Packing for college can be a stressful, uncertain time in a lot of young people’s lives. I remember when I packed for college for the first time, and I was SO overwhelmed. Honestly, I didn’t know where to start, I didn’t know how much to take, and I worried about how much I would end up lugging onto campus that first day. I had major anxiety about the whole packing situation. I remember having a faint idea of how I wanted my room to look, but I was more or less just hoping I didn’t forget anything, which is funny considering I was only moving three hours away, and if I really needed something, my parents could either bring it to me or ship it to me. Anyway, my mom and I slowly shopped for all my dorm stuff. I ordered some bedding from PB Teen’s dorm bedding bundle line. I also went off the Bed, Bath, and Beyond shopping list for college students. So, long story short, I had everything I needed my first year, and then some. After my first year, I really figured out exactly what I needed, what I actually used, and how much stuff I could leave home and have my parents bring me later. I do appreciate, however, the experience of over-packing because it’s turned me into somewhat of a pro college packer.
Packing for college is simple, once you get into a routine of what you need each year. There are hundreds of lists out there that outline what you’ll need, but the reality is that packing depends on the person. The list I’m going to provide below is one that includes items for different aspects of living that I take with me every year. I never leave home without the following items. Packing for college the right way includes four fundamental principles.
Ask yourself, “Do I use this everyday?”
If the answer is no, the follow up question whether or not you use the item in question a a majority of the time. If the answer is yes, pack it. If the answer is no, leave it home. You want items that won’t collect dust somewhere under your bed throughout the year that you only ever see on move in and move out.
Keep winter clothes to a minimum, and switch them out closer to the season change
If you live close to home, leave most winter clothes home. Maybe pack a jacket, sweatshirt, and jeans, but not your entire winter wardrobe. When you go home for Thanksgiving or winter break, switch out those shorts and tanks for pants and cable-knits. If you live farther from home, but plan to go home for the holidays, I would recommend taking the same approach. If you live far away, and don’t plan to go home frequently, I would recommend putting all your winter clothes you’ll want eventually in a specific place, and have your parents ship them to you closer to the winter months. You can then ship them your warm weather clothes. Dorm closet space is super limited, so unless you have a minimalist wardrobe, it’s going to make your room cramped to have all your clothes with you at once.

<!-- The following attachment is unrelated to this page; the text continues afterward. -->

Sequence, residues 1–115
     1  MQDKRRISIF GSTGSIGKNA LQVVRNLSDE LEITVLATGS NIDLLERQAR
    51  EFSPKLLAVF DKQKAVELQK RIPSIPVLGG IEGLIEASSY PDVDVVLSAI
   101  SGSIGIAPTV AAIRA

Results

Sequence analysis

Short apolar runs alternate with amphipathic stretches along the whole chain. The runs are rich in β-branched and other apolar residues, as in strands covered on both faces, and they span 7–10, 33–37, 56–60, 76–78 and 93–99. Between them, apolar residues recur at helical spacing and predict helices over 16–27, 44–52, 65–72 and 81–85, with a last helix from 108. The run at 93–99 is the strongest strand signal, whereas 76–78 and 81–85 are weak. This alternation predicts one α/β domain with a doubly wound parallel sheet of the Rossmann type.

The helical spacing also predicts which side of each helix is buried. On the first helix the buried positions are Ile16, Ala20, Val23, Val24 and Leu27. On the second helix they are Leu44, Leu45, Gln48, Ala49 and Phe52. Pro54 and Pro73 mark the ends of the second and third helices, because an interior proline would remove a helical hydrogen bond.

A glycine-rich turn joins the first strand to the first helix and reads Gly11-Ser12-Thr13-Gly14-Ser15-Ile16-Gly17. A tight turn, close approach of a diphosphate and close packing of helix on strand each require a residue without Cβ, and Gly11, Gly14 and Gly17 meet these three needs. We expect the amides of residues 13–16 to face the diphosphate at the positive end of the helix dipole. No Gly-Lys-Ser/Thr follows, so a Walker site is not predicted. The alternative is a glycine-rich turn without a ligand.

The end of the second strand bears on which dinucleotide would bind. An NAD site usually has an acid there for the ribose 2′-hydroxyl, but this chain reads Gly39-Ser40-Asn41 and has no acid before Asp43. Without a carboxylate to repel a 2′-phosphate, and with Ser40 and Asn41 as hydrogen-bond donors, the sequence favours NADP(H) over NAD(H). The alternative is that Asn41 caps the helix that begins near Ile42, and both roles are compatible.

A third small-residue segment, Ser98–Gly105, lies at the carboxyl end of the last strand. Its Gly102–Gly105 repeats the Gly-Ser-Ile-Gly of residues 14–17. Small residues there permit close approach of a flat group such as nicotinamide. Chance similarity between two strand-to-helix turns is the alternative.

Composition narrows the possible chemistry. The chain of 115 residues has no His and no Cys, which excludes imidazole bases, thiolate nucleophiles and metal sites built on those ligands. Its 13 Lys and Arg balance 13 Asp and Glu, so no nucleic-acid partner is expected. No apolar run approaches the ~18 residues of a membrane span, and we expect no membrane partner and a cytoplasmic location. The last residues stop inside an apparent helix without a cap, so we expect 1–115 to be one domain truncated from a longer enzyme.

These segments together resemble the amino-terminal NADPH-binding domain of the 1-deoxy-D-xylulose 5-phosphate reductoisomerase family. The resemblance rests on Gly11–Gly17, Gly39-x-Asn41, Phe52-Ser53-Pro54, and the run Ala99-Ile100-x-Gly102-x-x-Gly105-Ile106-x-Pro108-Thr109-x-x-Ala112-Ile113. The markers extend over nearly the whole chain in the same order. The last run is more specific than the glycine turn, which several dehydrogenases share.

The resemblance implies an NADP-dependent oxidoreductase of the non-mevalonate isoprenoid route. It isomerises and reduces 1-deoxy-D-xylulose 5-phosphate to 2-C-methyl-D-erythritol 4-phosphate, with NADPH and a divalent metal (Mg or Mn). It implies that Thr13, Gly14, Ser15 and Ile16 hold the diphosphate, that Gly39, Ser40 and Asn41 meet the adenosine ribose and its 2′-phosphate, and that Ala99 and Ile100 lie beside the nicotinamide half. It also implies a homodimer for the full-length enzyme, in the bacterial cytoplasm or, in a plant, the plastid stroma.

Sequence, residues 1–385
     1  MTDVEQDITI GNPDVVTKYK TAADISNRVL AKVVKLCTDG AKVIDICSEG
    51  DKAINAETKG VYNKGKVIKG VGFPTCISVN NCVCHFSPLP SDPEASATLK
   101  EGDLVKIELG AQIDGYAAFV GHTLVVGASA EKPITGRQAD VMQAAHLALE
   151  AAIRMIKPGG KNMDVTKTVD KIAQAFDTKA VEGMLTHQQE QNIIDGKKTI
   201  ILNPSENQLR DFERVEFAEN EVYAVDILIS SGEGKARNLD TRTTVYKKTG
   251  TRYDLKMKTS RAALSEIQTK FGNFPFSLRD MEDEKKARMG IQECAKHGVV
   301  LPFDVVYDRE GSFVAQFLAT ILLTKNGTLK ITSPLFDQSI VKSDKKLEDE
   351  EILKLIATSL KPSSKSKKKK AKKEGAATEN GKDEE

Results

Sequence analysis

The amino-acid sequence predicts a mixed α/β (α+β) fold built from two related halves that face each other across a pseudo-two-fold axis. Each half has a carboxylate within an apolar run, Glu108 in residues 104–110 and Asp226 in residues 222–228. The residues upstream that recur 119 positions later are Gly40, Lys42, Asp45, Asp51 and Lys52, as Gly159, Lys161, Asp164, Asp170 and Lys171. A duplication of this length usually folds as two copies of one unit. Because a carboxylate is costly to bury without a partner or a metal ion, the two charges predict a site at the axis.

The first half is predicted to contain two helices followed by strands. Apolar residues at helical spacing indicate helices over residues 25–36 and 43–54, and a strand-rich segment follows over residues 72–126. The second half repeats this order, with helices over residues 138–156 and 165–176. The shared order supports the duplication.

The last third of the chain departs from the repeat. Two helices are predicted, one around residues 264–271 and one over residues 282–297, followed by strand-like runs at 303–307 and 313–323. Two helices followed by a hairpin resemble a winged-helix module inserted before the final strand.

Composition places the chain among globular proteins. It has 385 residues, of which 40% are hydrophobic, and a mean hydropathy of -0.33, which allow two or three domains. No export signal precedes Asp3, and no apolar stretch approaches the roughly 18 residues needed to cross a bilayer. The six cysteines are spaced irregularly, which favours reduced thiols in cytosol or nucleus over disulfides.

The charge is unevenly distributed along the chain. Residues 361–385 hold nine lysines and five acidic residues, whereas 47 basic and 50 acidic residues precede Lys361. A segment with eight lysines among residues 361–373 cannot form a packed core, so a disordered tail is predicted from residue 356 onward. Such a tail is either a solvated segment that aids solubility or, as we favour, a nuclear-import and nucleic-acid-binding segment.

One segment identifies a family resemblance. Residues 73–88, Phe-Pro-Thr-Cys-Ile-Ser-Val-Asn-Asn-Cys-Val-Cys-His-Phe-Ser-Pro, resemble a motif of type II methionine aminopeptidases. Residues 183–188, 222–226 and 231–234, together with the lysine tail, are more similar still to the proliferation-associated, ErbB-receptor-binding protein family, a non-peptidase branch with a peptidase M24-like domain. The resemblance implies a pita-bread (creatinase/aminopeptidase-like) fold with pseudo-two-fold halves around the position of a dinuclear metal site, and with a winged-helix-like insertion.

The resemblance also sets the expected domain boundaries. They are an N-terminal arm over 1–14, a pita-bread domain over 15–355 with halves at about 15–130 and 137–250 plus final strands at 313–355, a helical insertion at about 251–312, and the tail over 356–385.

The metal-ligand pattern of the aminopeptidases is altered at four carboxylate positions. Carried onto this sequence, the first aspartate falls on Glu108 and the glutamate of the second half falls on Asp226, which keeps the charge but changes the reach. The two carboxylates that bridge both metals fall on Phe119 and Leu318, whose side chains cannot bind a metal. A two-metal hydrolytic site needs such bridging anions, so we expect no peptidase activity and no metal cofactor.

Keep a checklist close by
Keeping track of everything you need to purchase and pack for college can be difficult. So, I recommend having two checklists: one to keep with you as you buy things, and one to keep with you as you starting putting things in boxes. Note: If you’re taking under-bed storage, or bins, or anything that will stay in your room, use it to pack things so you cut down how much you actually have to pack in a car. Okay, so make sure as you buy something, it’s checked off, and as you put an item in a box, it’s checked off.
You’ll forget something, but it’s okay
Resist the urge to over-pack by reminding yourself that if you forget something, it can be sent to you or replaced once you get to campus. A lot of people are so scared to forget something that they pack everything. While this may seem like a good tactic, it’s really not. So many of my residents show up on move in with boxes and boxes of their stuff, and then are completely shocked when they finally key-in to their room for the first time, and realize how much space they have to work with. Keep the amount of stuff down by accepting forgetting something is normal, and totally okay.
Below is my simplified list of what to pack for college. As I said before, this list includes items that I use daily or at least weekly. In the study section, I recommend personalizing it to some degree. If you only use legal pads, and never use notebooks, then don’t pack notebooks. This might seem obvious, but I wasn’t sure what study method worked best for me when I left for college my first year, so I kind of over-packed school supplies in order to figure it out when classes started.
I hope this makes college packing easier for you! Let me know if you have any packing questions.